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In Finland, VR refers to the concern that keeps railroads running. Formerly it was an acronym that meant "Valtion Rautatiet" (State Railroads), but they went corporate in 1995.

VR group has 25 companies, totalling about 16000 employees.

Web page: http://www.vr.fi/

voodoo programming = V = Vulcan nerve pinch

VR // [MUD] n.

On-line abbrev for virtual reality, as opposed to RL.

--The Jargon File version 4.3.1, ed. ESR, autonoded by rescdsk.

In the camera world, VR stands for Vibration Reduction and refers to Nikon's method of image stabilization. Small motors are attached to one or more lens elements and a sensor detects small movements of the lens, then moves the lens elements in an attempt to compensate for them.

This allows photographers to use much slower shutter speeds without relying on a tripod to hold the camera steady.

As of the last five years virtual reality (here after refered to as VR) has come to refer almost exclusively to the exploding market of stereoscopic headsets. Developed a decade ago in the form of the Occulus which was snatched up by Facebook in 2012; the public would have to wait till 2016 for the HTC Vive but once that was out the potential of VR made itself apparent. Since then the number of different headsets has exploded. Facebook has just released the Oculus Quest 2, Valve has the Index, HTC the Vive Cosmos and the Vive Pro, Play Station VR for the PS4, and a dozen other smaller companies are working on getting into the mix. But all of this is just background to say that I bought a gaming PC and Vive Cosmos back in March and I want to node about it. I'd wanted a headset since Beat Saber came out in late 2018 but when Half-life Alyx was announced I started seriously thinking about getting one. Between that and the shut down I considered this as good a time as ever to get it.

After a lengthy set up and two grueling days of trying to get the firmware to update I had my headset working and I could get to playing. The first weeks (10-20 hours) were weird. VR headsets provide what I'll describe as pseudo depth perception. You can perceive depth but when you try to focus on distant objects they just get blurrier because you aren't actually looking at a distant object. You're looking at a pair a screens an inch from your eye with some lenses that kind of correct for all of the visual weirdness that entails. What this works out to is the experience of having a 3D HD television that wraps around you and moves perfectly with you. It does not however replace vision as you know it and the experience of relearning how to see in a world where there was only one correct depth of field was interesting to say the least. You don't know all of the stuff your brain is managing to create your vision until you have to throw half of those subroutines out. Eventually my brain adjusted but there were some odd moments outside of VR where I'd have brief disorientation including one moment of derealization that I can only compare the few times I was dreaming, became lucid, and right before I woke up I got sensory input from both the dream and my real body. I would advise people not drive for thirty minutes after using a headset during this period. Just saying.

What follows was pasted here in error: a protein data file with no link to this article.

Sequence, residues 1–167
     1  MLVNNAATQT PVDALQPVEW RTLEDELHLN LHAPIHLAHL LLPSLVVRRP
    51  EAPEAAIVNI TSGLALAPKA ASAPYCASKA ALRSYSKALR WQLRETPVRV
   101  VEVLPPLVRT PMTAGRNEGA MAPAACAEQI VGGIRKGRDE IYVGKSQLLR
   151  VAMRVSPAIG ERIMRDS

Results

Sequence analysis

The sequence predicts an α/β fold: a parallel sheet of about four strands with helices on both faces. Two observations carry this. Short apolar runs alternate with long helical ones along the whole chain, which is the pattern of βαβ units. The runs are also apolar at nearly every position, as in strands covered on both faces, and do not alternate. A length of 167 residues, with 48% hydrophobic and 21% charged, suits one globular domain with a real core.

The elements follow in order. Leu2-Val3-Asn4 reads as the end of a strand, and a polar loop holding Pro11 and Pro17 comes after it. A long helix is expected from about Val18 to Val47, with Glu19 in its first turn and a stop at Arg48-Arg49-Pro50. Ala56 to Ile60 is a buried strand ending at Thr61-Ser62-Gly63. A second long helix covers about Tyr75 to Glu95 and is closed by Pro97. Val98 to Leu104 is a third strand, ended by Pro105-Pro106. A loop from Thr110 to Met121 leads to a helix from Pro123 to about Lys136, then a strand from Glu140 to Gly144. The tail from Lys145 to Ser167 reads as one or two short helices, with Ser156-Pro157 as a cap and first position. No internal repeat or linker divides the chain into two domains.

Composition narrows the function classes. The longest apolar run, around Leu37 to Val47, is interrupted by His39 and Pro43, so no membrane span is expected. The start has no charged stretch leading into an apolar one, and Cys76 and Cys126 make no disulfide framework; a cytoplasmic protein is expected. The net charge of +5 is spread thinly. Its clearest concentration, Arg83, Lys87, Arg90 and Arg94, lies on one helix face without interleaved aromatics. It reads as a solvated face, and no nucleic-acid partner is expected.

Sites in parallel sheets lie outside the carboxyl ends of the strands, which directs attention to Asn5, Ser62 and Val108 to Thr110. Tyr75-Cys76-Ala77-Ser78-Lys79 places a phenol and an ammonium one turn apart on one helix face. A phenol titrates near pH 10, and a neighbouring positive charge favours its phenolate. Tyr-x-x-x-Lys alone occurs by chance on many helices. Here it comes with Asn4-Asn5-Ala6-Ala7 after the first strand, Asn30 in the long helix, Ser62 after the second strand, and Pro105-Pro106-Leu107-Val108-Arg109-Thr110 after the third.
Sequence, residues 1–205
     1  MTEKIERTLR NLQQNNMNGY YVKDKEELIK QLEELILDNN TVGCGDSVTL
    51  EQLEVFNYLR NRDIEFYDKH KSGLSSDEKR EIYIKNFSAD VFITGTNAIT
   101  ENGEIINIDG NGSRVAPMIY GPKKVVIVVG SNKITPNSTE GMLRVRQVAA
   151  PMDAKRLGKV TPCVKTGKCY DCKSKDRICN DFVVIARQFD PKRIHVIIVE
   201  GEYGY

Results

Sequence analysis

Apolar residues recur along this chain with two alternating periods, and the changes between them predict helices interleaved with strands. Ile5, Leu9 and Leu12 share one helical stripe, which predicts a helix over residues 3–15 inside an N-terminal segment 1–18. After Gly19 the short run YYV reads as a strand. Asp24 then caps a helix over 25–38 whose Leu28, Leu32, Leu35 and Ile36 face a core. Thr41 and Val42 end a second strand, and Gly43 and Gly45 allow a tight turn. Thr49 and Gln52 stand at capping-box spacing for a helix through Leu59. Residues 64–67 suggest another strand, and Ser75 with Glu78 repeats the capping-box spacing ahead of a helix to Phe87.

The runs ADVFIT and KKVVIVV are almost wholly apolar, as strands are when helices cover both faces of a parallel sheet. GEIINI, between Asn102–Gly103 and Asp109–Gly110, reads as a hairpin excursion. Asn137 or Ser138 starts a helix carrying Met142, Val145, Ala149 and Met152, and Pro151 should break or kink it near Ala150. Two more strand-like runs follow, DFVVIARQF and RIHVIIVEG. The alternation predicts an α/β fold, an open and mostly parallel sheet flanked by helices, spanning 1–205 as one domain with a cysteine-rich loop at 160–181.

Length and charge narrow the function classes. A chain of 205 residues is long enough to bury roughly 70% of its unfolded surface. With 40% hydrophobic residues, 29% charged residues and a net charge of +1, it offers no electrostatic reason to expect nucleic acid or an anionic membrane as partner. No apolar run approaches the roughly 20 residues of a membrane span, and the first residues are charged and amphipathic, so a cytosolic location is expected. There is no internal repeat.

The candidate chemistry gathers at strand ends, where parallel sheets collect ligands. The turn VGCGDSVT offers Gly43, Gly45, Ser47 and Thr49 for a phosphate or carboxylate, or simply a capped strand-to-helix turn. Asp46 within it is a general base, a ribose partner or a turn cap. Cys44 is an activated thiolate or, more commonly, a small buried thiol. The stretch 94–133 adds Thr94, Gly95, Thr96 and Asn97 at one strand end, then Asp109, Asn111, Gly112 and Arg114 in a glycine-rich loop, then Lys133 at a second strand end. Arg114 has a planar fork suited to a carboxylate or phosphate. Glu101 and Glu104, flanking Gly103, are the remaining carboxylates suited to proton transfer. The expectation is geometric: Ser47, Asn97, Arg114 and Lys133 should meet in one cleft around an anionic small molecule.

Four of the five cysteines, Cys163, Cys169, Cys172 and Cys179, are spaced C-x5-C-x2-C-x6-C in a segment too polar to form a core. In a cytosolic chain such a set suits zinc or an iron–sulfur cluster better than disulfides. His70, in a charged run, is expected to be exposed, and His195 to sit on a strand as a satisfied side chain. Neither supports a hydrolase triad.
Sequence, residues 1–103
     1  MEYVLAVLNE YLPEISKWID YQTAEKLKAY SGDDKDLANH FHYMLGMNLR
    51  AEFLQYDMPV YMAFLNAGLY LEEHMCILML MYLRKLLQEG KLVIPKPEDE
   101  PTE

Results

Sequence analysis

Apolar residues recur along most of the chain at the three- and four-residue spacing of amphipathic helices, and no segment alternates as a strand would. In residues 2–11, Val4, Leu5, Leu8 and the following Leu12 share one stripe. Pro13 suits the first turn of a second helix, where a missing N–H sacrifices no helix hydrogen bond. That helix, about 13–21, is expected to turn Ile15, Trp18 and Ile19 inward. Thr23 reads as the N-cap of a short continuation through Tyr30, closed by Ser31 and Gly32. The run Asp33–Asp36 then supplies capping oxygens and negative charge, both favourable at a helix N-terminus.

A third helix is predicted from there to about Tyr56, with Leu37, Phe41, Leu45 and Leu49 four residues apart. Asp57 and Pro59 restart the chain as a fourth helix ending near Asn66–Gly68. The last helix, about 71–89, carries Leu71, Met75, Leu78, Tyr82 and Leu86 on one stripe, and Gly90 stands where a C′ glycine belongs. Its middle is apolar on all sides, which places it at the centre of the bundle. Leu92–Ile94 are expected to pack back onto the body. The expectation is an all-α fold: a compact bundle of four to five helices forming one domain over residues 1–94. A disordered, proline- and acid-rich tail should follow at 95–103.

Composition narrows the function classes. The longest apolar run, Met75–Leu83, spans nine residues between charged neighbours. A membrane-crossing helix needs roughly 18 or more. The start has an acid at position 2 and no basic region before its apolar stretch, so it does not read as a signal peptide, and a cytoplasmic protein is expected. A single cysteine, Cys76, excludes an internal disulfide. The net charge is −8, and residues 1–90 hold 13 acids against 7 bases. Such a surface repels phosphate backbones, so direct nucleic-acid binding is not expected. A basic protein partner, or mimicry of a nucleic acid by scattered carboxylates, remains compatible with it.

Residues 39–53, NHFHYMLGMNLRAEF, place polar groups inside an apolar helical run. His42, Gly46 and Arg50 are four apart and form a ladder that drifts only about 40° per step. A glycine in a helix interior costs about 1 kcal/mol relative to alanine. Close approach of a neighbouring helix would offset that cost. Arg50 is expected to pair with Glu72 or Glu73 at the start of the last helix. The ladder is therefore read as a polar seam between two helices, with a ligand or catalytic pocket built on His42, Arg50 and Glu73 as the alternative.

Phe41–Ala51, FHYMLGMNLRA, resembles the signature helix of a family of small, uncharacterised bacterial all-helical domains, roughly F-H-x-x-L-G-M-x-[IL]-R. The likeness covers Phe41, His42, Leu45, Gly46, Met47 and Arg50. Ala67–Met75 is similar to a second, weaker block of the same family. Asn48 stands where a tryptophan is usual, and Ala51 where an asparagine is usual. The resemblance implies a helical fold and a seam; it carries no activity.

Everything I've just said not withstanding VR is REALLY immersive. Even having gotten use to it I still had vertigo leaning forward to stare down a long drop in a way that I've never experienced with a screen. Having to bend down to pick something up off of the ground and swing my arm to send it flying is exactly as much better than pressing buttons as it sounds. Heck, just having real hands or hand analogs that match your movements down to the millimeter/millisecond is oddly satisfying. The controllers have rumble for a small but really needed degree of tactile feedback (being able to feel when you miss a cut in Beat Saber is invaluable). Each controller has a trigger, grip buttons on the sides where you hold the controllers, a round touch pad that doubles as another button, an two more smaller buttons above and below the touch pad. The button below the touch pad is the headset console menu but the rest of buttons can be whatever the game or app wants to use them for. It's less inputs than most video game controllers but the pair of touch pads pick up the slack. Most VR games are played standing up and involve a significant amount of arm movement. Many will also require significant amounts of head and body movement, ducking for cover, bobbing and weaving, and the like. While I don't think most games are going to replace a well used gym membership, it's significantly more active than a Nintendo Wii. And the range of games is pretty impressive: bullet hells and rhythm games, comedy and horror, single and multiplayer, the only things not well represented is the triple A titles apart from Alyx but that's likely to change in the next few years and the independent scene is arguably healthier anyway.

If the tone hasn't gotten it across yet I really like my headset and the whole project of VR. Despite a rocky start it's gotten really good really fast and the fact that it's new means a lot of people are trying a lot of things. There are so many games doing things I've never seen before with highly experimental game play. Major shifts and innovations are separated by months rather than years. This is first time I've really felt like an early adopter and I'm starting to appreciate why people dump lots of money into new, buggy technology. It makes me giddy. I don't get hyped for much so want to stay on the VR hype train for as long as this sliver of optimism lasts.


IRON NODER THE THIRTEENTH

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